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  1. 1. Home Health Care Management & Practice http://hhc.sagepub.com/Intercultural Communication in Health Care: Improving Understanding Between Provider and Patient Yu Xu Home Health Care Management Practice 2006 18: 158 DOI: 10.1177/1084822305281830 The online version of this article can be found at: http://hhc.sagepub.com/content/18/2/158.citation Published by: http://www.sagepublications.com Additional services and information for Home Health Care Management & Practice can be found at: Email Alerts: http://hhc.sagepub.com/cgi/alerts Subscriptions: http://hhc.sagepub.com/subscriptions Reprints: http://www.sagepub.com/journalsReprints.nav Permissions: http://www.sagepub.com/journalsPermissions.nav Downloaded from hhc.sagepub.com at UNIVERSITY LIBRARY on February 12, 2011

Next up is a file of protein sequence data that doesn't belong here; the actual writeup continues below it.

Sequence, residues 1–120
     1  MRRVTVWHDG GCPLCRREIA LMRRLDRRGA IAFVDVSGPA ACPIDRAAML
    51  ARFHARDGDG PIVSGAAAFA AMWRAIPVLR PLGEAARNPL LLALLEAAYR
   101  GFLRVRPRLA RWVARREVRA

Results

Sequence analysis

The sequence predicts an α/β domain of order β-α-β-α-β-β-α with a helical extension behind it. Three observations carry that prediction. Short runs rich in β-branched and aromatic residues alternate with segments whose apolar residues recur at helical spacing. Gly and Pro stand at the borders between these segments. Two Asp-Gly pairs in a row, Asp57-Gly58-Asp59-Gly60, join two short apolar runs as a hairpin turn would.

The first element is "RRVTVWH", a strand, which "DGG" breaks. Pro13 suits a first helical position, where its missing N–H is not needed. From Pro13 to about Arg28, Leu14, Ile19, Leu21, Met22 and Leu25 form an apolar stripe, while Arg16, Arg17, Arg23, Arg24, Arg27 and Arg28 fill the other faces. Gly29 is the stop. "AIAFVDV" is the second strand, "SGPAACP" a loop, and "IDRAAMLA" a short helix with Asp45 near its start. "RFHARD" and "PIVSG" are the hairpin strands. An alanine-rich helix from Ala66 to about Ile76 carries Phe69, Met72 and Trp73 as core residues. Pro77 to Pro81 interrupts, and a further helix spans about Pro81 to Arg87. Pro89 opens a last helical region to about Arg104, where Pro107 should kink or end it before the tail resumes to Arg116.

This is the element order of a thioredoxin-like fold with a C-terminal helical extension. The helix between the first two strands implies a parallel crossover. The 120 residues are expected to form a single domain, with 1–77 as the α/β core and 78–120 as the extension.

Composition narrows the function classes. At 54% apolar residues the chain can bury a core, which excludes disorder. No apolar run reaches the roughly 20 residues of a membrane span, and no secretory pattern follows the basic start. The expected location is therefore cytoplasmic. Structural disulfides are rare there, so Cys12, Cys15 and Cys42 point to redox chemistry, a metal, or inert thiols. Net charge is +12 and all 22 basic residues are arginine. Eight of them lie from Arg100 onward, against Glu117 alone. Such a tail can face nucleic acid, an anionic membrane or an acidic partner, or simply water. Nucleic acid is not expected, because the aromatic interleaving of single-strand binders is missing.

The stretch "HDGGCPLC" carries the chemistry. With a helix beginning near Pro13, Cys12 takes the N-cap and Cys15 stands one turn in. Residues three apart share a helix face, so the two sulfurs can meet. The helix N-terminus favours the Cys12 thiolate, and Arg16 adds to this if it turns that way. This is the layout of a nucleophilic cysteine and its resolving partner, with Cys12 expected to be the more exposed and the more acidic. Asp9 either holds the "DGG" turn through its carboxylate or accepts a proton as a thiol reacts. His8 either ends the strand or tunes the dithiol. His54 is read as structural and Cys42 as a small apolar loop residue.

2. 2. HOME HEALTH CARE MANAGEMENT & PRACTICE / February 2006Diversity DiscussionIntercultural Communication in HealthCare: Improving Understanding BetweenProvider and PatientYu Xu, PhD, RN, CTNR ecently, I learned the shocking news that one of tem. I heard anxiety and frustration as well as a plea for our family friends for years (to whom we feel understanding in our lengthy conversations. As a certi- closer than some distant relatives) in the Deep fied transcultural nurse, I made conscious efforts to dis-South was diagnosed with colon cancer. It was shock- sect their experiences in the context of the Chinese anding because she was in seemingly perfect health with U.S. health care cultures to shed light on why a particu-no previous history of any major conditions or hospital- lar incident or experience happened. I feel that the leastizations. Well educated, she lives with her husband, I can do to help them cope with the daunting reality iswho is a tenured full professor at a local university. The improve their understanding of those situations anddiagnosis of cancer is the greatest challenge in their 20- nuances. The following is based on the couple’s experi-plus years of married life. As typical Chinese, the cou- ences that have relevance to those on both sides of theple is very considerate and sensitive, especially the stethoscope.wife. With plenty of spare time as empty nesters and As any other cancer patient and caregiver, both thebeing very health conscious, the couple played table wife and husband went through the stages of denial,tennis at least three times a week for 2 hours each time anger, and acceptance of the diagnosis. For the initialto keep healthy. In my mind, she would be the last per- few months after the diagnosis, the husband exhaustedson on earth to get cancer. With this devastating diag- all sources of information on colon cancer and hasnosis, their peaceful, laid-back life was turned com- become an expert on the condition. Apart from teach-pletely upside down. Until the cancer diagnosis hit ing, he literally withdrew from all other activities andthem, neither of them had real, in-depth experience and planned everything around the treatment of and care forknowledge of the U.S. health care system beyond his wife. For months, he could not help but dwell on hisimmunization and routine physical checks, in spite of wife’s condition. Within a 3-month period, he lost 10the fact that they have lived in the United States since pounds.the mid-1980s. As a close family friend and a nurse, I was keenlyinterested in their not-all-positive experiences as a can- Key Words: communication; cancer; husband; wife;cer patient and a caregiver in the U.S. health care sys- oncologistAuthor’s Note: Address correspondence to Dr. Yu Xu, School of Nursing, University of Nevada at Las Vegas, 4505 Maryland Parkway, LasVegas, NV 89154-3018; phone: (702) 895-3175; e-mail: yu.xu@unlv.edu.Home Health Care Management & Practice / February 2006 / Volume 18, Number 2, 158-160DOI: 10.1177/1084822305281830©2006 Sage Publications 158 Downloaded from hhc.sagepub.com at UNIVERSITY LIBRARY on February 12, 2011